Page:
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The power of social media

By June 3, 2013May 29th, 2020No Comments

Social media refers to the means of interactions among people in which they create, share, and exchange information and ideas in virtual communities and networks. With 288 million active users on Twitter, and over 1 billion on Facebook, it’s hardly surprising that both social networks carry such strong power to influence the nation. I’ve picked a few examples of how social media can play a major part in influencing businesses, sway the public and even help the Police.


This week I read a story in several of the National newspapers about supermarket chain, Morrisons, changing their dress code regulations after its suspension of a shop worker for wearing a poppy and Help for Heroes badge sparked an angry backlash online.

The shop worker in question posted the letter from his bosses, asking him to attend a disciplinary hearing, on Twitter. The post and image received almost 1,000 re-tweets



The letter was also posted on the Morrison’s Facebook page and, as a result, boss Dalton Philips received almost 300 angry responses directly.


An older example of the power of social media was seen back in 2009 when rock band, Rage Against the Machine, won the most competitive battle in years for the UK Christmas number one. It was seen by many as possibly the greatest chart upset ever as rock fans campaigned on Facebook to get fans to buy as many digital copies of the single ‘Killing in the Name’ as possible.

The result was Rage Against the Machine selling half a million downloads, which crushed X Factor winner, Joe McElderry’s ‘The Climb’ by 50,000 copies. This Facebook campaign had 1.2 million supporters.


In 2008, confectionary giant, Cadbury, brought back the Wispa chocolate bar after a campaign on Facebook and MySpace demanded its return. After thousands of people joined dedicated groups on both social media sites, Cadbury said that, in the first 18 weeks of the chocolate bar being back on the shelves, they sold 41 million Wispa bars.


The London riots in 2011 were sparked by the Police shooting of Mark Duggan. Social media, predominantly Twitter, played a huge role in keeping the public informed of what was going on in their area. Most of the social media traffic began after the first verified reports of incidents in a specific area, with more than 2.5 million tweets being sent.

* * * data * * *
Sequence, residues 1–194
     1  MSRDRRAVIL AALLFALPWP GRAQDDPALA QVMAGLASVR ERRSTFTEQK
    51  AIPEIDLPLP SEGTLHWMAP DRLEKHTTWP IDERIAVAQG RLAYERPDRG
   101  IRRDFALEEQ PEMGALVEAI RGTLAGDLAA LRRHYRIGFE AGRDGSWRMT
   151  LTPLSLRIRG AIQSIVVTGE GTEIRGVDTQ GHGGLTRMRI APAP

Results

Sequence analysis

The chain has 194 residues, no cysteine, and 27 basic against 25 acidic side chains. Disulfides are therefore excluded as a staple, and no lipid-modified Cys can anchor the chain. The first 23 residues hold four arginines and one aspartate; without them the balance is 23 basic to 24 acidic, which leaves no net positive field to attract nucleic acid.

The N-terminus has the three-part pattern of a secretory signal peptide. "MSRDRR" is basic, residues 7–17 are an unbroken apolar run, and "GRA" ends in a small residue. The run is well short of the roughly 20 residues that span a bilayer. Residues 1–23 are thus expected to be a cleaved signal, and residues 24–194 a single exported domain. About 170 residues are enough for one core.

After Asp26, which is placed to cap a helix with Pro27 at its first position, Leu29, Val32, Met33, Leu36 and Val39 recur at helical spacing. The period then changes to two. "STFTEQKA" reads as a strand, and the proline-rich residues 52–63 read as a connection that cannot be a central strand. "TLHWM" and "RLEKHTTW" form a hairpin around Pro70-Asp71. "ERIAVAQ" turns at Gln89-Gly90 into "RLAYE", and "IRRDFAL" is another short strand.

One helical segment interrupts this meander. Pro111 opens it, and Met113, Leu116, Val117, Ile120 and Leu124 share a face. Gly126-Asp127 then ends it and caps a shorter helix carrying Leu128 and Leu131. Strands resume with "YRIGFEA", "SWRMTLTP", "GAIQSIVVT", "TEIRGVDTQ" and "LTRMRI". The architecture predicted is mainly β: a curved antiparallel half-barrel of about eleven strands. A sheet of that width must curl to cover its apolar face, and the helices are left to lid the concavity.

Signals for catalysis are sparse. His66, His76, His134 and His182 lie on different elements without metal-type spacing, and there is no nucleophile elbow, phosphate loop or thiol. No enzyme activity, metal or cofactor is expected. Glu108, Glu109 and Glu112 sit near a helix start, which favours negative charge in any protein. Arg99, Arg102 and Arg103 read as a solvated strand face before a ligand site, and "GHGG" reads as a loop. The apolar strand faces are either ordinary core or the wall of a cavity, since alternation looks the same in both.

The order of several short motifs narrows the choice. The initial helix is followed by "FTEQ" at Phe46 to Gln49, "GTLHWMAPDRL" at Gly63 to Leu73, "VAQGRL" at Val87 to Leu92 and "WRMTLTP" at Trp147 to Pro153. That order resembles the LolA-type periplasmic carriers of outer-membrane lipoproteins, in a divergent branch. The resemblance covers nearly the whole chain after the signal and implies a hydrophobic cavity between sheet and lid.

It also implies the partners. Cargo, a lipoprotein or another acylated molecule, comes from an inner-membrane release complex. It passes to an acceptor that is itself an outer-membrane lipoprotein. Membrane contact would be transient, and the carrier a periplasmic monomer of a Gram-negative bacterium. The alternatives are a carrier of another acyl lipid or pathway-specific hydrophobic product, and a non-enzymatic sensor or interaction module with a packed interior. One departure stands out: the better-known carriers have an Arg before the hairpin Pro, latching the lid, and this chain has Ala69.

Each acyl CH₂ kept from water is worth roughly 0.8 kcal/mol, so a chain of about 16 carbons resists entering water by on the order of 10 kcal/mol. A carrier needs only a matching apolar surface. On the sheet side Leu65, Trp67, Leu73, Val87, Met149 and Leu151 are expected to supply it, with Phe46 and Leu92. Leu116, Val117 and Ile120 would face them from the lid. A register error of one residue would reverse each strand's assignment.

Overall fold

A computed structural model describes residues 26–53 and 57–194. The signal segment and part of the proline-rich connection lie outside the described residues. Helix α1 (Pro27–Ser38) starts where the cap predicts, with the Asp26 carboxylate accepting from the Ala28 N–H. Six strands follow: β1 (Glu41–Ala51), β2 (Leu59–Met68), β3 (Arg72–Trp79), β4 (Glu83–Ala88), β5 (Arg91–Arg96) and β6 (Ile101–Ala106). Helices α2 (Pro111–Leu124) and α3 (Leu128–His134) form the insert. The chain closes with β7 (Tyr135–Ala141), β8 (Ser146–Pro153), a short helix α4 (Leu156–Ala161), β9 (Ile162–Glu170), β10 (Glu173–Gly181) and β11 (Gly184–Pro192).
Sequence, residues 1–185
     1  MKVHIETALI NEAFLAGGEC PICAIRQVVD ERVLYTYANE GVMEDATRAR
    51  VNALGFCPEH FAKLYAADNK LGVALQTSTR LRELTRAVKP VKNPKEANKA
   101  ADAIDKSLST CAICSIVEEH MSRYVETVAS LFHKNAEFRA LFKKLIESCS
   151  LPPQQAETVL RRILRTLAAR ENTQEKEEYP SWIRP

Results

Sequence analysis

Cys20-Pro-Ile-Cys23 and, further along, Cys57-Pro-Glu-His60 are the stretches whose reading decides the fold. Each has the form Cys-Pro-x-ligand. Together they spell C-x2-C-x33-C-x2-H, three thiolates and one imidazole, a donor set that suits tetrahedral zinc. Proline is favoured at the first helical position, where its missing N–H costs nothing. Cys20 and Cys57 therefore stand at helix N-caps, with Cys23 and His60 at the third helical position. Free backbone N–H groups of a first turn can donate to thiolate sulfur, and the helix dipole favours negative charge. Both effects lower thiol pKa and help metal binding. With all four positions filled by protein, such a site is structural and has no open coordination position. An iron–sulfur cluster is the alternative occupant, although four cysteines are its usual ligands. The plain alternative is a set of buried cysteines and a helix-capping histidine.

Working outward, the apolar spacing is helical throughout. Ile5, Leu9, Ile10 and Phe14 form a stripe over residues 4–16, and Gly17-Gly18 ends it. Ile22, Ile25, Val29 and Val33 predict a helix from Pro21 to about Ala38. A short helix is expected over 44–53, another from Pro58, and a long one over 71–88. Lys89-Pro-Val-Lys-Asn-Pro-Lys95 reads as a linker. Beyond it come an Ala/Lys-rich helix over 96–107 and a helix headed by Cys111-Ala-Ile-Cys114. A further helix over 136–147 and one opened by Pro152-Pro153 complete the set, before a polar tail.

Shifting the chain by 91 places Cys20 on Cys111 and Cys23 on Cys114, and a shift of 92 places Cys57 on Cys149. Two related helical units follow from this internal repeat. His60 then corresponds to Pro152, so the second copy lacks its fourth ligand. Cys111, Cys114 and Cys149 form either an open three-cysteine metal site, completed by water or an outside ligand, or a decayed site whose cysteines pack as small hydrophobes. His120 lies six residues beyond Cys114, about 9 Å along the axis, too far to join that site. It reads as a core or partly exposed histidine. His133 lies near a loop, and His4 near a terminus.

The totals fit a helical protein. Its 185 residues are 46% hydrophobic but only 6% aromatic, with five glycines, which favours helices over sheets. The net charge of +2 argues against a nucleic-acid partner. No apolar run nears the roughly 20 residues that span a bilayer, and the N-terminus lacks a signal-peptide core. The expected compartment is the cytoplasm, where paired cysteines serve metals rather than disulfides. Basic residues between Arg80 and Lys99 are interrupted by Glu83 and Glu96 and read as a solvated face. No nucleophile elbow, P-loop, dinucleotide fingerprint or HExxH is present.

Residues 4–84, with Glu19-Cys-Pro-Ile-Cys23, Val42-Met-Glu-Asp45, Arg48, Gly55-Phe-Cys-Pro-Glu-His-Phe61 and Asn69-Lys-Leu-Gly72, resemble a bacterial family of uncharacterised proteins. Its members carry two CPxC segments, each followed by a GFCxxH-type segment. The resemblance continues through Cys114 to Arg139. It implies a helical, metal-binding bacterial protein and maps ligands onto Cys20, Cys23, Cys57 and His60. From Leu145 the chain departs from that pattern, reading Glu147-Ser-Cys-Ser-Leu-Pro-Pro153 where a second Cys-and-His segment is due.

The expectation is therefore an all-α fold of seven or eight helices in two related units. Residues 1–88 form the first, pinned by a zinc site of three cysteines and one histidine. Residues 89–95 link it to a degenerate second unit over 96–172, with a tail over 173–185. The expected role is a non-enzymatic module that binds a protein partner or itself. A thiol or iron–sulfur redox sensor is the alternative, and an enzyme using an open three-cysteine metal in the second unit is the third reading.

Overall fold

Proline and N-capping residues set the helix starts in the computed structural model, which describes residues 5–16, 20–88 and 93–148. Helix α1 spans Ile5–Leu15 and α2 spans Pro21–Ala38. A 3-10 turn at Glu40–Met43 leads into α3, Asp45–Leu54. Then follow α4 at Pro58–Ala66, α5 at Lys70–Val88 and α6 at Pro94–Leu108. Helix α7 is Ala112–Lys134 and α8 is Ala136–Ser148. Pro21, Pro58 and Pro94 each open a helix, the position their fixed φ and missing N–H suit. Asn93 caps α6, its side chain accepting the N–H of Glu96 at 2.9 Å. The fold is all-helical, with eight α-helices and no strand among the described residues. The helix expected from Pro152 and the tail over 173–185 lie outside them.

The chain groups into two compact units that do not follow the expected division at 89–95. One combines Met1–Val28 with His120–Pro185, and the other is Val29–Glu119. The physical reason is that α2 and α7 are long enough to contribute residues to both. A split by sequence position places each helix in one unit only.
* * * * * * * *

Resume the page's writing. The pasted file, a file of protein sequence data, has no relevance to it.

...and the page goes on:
In some areas, namely Tottenham, Police claimed that BlackBerry’s popular, free and encrypted messaging service, BBM, actually helped to fuel the riots and even helped to organise the extensive looting that went on. BlackBerry agreed to assist the Police wherever possible which, in itself, sparked fears from some BlackBerry users that their private messages may be handed over to the authorities.

London’s Metropolitan Police also created a page on photo social media site, Flickr, which included CCTV images of rioters suspected of looting and committing violence or other crimes. They also set up a Twitter hashtag #tweetalooter which asked citizens for any information they may have had of known looters or usernames of other Twitter users who could have possibly been stupid enough to admit to stealing goods during the riots. Both of these social media tactics were very successful in making arrests relating to the riots.

Following the events, a Twitter account called @riotcleanup was set up, which attracted more than 62,000 followers in just a few hours. Alongside this a Facebook page was also set up in support of the Police, which gained over half a million likes.

Despite these incredible examples of just how influential social media can be, some organisations are still unconvinced of the benefits. So, how can social media help a business, regardless of the industry you may be in?

  • It’s an instant, interactive and responsive way to start and maintain conversations and relationships with both existing and potential customers.
  • It isn’t like print media, radio or direct marketing. It allows a two way conversation which companies like to have with their clients.
  •  It allows you to listen to, and monitor, what members of the public are saying about you, your competitors, your clients and things that may be relevant to your industry.
  • It can help drive traffic to your company website – most search engines and media monitoring tools now include social media updates and posts within their results. If you’re involved, it means there’s more chance of your organisation being found on the web.

And remember!

  • It’s not just for bored youngsters who just want to tell the world what they’ve had for dinner or what the weather’s like. The average age of people using Facebook has now risen to 41 years old and the average Twitter user is 37 years old.